David says that we must restrain our tongue from evil and deceit, turn away from evil and do good, seek peace and pursue it. The confidence to do all of this because God is God. He is the God who sees and the God who hears and the God who vindicates. His eyes are on the righteous, He hears their prayers, His face is against those who do evil (vs 10-12).
Fear and Sanctify the Lord (vs. 13-16)
Peter knows that fear is a central concern for those threatened with suffering or persecution or sickness. And so in verses 14-15 he quotes from Isaiah 8 when a joint invasion force of Syria and Israel is preparing to attack Jerusalem and Ahaz, the king of Judah. God told King Ahaz not to fear because it will be unsuccessful. But instead of trusting the Lord’s promise, King Ahaz makes a plea for salvation to the king of Assyria and pays protection money out of the temple treasures (2 Kings 16:8). But Lord speaks to King Ahaz, “Neither fear ye their fear, nor be afraid. Sanctify the Lord of hosts himself; and let him be your fear, and let him be your dread. And he shall be for you a sanctuary” (Is. 8:12-14). Armies are surrounding you, and it’s scary. Who are you going to fear? Do you turn to medication, your bank account, your ability to negotiate peace? Let the Lord be your fear. Let the Lord of Armies be your sanctuary. Our modern understanding of sanctuaries are safe, quiet places. But a sanctuary in the biblical sense is a holy place where the Holy God dwells. Peter has called us the spiritual and holy house. As we are faithful to our calling to be and building the holy house of God, God defends his holy house and promises to be our sanctuary.
But we don’t merely hunker down in our holy sanctuary. We are to “be ready to give a defense to everyone who asks for the reason for the hope that is in you, with meekness and fear” (vs. 15).This hope is the “living hope” we received when we were born again through the resurrection of Jesus Christ (1:3). Our hope and our faith are in Jesus who God raised from the dead and gave Him glory (1:21). Our hope is in the God and Father of Jesus who raised him from the dead and promises to do this for us. Our hope is the gospel that we preach.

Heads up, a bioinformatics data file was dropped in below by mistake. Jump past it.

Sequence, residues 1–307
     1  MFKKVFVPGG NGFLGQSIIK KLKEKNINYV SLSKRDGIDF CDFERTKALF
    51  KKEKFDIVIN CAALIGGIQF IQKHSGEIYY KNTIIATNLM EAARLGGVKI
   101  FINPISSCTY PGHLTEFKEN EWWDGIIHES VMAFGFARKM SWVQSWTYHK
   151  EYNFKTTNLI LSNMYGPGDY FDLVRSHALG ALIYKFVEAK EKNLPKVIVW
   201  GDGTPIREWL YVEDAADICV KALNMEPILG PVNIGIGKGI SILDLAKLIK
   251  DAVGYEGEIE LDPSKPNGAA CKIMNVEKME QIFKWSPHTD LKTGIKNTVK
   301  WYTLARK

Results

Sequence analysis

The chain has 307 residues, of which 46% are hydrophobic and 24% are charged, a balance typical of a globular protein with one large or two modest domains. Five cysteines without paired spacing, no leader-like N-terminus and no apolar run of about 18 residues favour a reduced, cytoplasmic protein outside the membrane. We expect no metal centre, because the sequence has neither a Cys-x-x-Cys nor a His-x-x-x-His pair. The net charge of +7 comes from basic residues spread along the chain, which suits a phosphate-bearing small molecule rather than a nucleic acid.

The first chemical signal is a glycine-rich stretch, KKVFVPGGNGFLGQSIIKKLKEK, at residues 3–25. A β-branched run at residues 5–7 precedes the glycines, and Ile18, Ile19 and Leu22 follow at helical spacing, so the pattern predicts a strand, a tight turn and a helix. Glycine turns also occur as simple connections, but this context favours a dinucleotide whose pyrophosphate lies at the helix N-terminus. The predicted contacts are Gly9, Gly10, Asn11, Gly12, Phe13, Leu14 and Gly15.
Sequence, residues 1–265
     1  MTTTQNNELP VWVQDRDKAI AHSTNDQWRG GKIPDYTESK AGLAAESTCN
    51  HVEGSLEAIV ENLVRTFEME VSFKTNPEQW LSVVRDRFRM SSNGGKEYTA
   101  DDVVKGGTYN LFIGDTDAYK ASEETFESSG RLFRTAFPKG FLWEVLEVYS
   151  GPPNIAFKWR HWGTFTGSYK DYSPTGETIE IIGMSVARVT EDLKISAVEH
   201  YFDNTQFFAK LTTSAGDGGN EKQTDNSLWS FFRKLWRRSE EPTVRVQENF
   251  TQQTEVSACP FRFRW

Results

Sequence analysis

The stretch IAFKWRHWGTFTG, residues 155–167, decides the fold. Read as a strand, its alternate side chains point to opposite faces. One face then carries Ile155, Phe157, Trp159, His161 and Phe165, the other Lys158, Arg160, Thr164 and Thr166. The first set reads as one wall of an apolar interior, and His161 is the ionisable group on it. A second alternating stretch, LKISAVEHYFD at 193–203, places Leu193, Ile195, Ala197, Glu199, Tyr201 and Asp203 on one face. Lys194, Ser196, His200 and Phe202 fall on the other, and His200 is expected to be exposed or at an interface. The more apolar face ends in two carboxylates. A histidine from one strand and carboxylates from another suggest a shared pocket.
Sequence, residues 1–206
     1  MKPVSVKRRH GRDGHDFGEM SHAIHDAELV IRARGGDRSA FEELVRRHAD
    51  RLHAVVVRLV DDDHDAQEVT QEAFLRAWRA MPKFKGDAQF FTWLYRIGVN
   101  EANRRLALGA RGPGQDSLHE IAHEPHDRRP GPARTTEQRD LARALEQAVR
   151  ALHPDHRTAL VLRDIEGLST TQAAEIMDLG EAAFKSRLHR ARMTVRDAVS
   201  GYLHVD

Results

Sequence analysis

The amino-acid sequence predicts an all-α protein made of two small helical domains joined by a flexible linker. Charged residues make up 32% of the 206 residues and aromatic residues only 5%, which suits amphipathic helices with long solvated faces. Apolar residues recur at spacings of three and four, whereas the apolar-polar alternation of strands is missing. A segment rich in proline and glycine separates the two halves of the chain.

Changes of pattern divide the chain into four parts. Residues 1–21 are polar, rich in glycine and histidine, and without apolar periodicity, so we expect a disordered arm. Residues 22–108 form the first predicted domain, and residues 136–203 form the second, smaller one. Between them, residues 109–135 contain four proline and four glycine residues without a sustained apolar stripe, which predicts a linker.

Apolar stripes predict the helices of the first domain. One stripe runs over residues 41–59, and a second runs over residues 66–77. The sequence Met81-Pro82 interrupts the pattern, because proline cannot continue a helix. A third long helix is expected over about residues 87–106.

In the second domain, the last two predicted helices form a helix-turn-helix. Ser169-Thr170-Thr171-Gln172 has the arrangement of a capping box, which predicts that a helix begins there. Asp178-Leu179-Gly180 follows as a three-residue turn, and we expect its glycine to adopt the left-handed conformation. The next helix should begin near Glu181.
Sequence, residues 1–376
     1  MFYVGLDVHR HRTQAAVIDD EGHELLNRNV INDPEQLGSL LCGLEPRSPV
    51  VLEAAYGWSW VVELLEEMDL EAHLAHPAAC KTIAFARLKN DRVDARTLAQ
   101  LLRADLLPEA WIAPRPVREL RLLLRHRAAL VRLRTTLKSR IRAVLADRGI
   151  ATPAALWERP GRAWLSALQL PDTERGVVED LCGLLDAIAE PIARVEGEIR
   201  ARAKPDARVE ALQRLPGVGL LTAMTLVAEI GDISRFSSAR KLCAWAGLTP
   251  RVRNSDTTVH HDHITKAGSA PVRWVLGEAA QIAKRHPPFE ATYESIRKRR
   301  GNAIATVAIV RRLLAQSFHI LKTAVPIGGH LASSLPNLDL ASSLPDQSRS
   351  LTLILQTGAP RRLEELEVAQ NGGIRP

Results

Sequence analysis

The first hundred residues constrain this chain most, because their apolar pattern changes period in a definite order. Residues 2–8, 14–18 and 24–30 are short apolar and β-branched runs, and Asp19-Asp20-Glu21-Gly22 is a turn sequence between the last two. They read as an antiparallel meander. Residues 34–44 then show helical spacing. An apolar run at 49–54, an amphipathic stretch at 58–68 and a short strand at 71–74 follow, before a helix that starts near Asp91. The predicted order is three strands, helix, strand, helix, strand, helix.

The Just for the Unjust (vs. 17-18)
“For Christ also suffered once for sins, the just for the unjust, that He might bring us to God.” Our hope is grounded on Jesus, the just One, who suffered for the unjust. When we hear the gospel, we should be ashamed. Peter says that “those who revile good conduct in Christ may be ashamed” (vs. 16). Jesus was just––he followed what was good, he was full of compassion, he loved his brothers, he was tenderhearted, he didn’t return evil for evil, and he suffered for our sins. That means that we should be ashamed. God uses the shame and guilt of our sin to draw us to Jesus. “We’ve murdered our Messiah. What shall we do?” Peter’s answer is for you to repent and go to One who can bring you to God (Acts. 3:38-39).
The Lord our God is calling you now. How can we come to God? We must be brought to God by Jesus. The Just brings the unjust. The Righteous brings the reviler. The Holy One brings the sinner. But we can’t be brought to God without being made like Him. We are called to be like Christ and we have been made like Christ. Because of this, sanctify the Lord God.